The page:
The creature whistled, more shrilly this time. “One coffee with me please?” came the robotic voice from the mini-boombox. I could swear that that weird, flat voice sounded wistful somehow. Now the creature began to move forward slightly, whistling and humming. “Coffee, please with me,” said that sinister robot voice as the creature came on.
It wasn't hard to get scared. It may sound silly now, but anyone would've felt that way being on the spot like I was. As it moved towards me, whistle-humming something in a different key than before, an image of deadly Dalek plungers sucking the life out of human faces clouded my mind. My heart kicked up in my chest and adrenalin flooded my system.
Suddenly, I was running like the devil himself was after me, all the way up the stairs and out the door to the street. It must have been minus something fierce Celsius outside, but the thought of going back to my lab for my jacket turned my blood even colder.
I don't remember getting in the car or pulling out into the street. I didn't really start breathing semi-properly again until I hit a red light on St. Clair Avenue. I had a close call with a van that nearly side-swiped me at the cross section of Avenue Road and Lawrence, but somehow I made it home.
I lay in the darkness of my bedroom, shivering under my comforter. There's no way. Just no way! It didn't make sense! I couldn't possibly have seen what I thought I saw. And what exactly was that anyway? Just trying to describe the way it looked to myself in my head-- I couldn't find the words to depict it in any way that made sense. There were no human words for it. What were those things it used to grab the coffee cup? Limbs, tentacles, plant fronds-- what? No, none of those-- nothing like anything I'd ever seen in a Zoology textbook, body parts like I swear no body on Earth has ever possessed.
Maybe I'd gotten too tired and dreamed it all, I thought, grasping at something that made a little bit of sense, at least. Lose enough sleep and your dreams can have an eerie way of fusing with your real life. It's happened to me before. Yes, that was the only explanation. I'd half-dreamed the whole thing in my sleep deprived state. I worked on convincing my mind, which inexplicably seemed dead set on believing in what it thought it saw.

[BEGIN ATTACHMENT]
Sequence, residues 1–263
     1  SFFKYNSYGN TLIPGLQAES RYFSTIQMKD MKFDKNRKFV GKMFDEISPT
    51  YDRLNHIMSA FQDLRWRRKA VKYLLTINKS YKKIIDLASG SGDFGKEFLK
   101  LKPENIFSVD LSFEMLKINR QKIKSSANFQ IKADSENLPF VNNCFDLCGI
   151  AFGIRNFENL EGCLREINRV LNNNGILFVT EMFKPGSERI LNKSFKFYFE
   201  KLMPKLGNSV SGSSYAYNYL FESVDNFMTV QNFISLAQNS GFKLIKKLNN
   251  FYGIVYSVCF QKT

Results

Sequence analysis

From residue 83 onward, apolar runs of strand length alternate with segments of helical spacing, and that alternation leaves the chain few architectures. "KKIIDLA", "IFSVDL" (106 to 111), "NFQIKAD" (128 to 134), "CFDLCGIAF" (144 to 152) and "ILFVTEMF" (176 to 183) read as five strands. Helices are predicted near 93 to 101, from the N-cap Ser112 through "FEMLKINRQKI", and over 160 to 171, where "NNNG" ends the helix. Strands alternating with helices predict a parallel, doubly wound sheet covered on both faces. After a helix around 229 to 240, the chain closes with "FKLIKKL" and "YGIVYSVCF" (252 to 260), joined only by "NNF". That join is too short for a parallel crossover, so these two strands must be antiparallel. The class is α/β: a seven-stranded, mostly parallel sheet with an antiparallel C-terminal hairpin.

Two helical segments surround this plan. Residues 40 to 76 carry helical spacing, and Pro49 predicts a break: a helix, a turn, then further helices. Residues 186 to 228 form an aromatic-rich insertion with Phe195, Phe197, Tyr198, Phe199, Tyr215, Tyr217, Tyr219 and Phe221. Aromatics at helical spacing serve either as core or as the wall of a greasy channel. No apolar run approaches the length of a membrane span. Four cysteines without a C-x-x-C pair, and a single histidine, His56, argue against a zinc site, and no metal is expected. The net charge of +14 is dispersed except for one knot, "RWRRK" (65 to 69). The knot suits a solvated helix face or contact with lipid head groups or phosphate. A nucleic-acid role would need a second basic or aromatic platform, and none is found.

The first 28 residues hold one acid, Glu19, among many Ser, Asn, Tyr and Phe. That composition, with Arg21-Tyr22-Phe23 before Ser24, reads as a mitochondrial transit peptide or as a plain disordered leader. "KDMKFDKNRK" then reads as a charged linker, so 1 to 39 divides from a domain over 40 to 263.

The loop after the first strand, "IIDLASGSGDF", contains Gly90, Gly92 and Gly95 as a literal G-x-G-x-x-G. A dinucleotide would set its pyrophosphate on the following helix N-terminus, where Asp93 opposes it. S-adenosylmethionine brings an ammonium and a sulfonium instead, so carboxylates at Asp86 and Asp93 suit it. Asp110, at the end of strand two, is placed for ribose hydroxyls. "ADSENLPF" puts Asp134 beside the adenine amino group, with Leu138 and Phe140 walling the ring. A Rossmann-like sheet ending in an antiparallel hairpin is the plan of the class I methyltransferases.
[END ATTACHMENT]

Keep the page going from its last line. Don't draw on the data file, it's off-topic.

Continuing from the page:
I went over it again and again, never finding a solution that satisfied me. Under the covers my thoughts cycled through every hypothesis I could think of. What was the likelihood of an alien actually landing on Earth without anyone noticing? What was the likelihood of aliens even existing in the first place? There was some sort of theorem about it I remembered, from Prof. Garrison's “Life on Other Worlds” class. What was it again? Drake's Equation? Did it matter? It was far far more likely, statistically speaking, that there was no creature and I was simply going insane. After all, there were millions more documented cases of humans going postal than scientifically confirmed alien sightings. But I was so certain I'd really seen it!
“No, no,” I tried to tell myself. “Just because a person looks at an oddly shaped cloud and sees a face, doesn't mean a face is there. It's just the human brain's software, programmed to look for faces. If I was going crazy, would I begin to see horrors coming out of people's heads next? The upshot of all this intensive speculation was that by the time I'd fallen into a fitful slumber, I was far more frightened of my own impending insanity than of anything I seen in the basement of the bio lab.
I awoke at noon the next day to the fresh clarity of a cold and sunny winter morning. Within moments I labeled the whole thing a complete waste of time. Whether it was sleep deprivation, insanity, mutation or alien visitation, I had work to do and that had to take precedent. The most sensible course of action was just to get on with it and ignore whatever the hell had happened the night before. What could I actually do about it anyway? Until I had further proof, I wasn't going to speculate on any of it. Maybe it was just some weird blip in reality, that didn't concern me.
Two days later I returned to the Ramsay Wright Labs to feed the fish. Some of the jars also needed changing. As the dull task of replacing half a jar's old water with new for all those separate jars of fish dragged on, night fell outside the lab. It would be time to go home soon, but I desperately needed coffee in order to keep myself awake at the wheel. After changing the water in seventy jars, I was beginning to feel reckless. The more I thought about it, the more laughable the whole basement monster business began to seem. I was supposed to be a scientist and yet here I was, afraid of bogey men in the dark. It was embarrassing really.
With these noble thoughts foremost in my mind, I went down to the basement again, promising myself I would not return without my customary cup of coffee and a bag of M & Ms.
I proceeded to the vending machine first. Candy was purchased without incident, although they had run out of M & M's and I had to make do with a Snickers. Now for the coffee.
I took a deep breath and went down the hall, glad all the lights had been left on for a change. I put in my money, sweating slightly as the coins clunked in. The coffee came out in the cup. I took it. I drank it. I went back upstairs. I cleaned the fish lab. I went home.
I told myself this confirmed my theory. My encounter with the creature had been a hallucination brought on by lack of sleep and nothing more.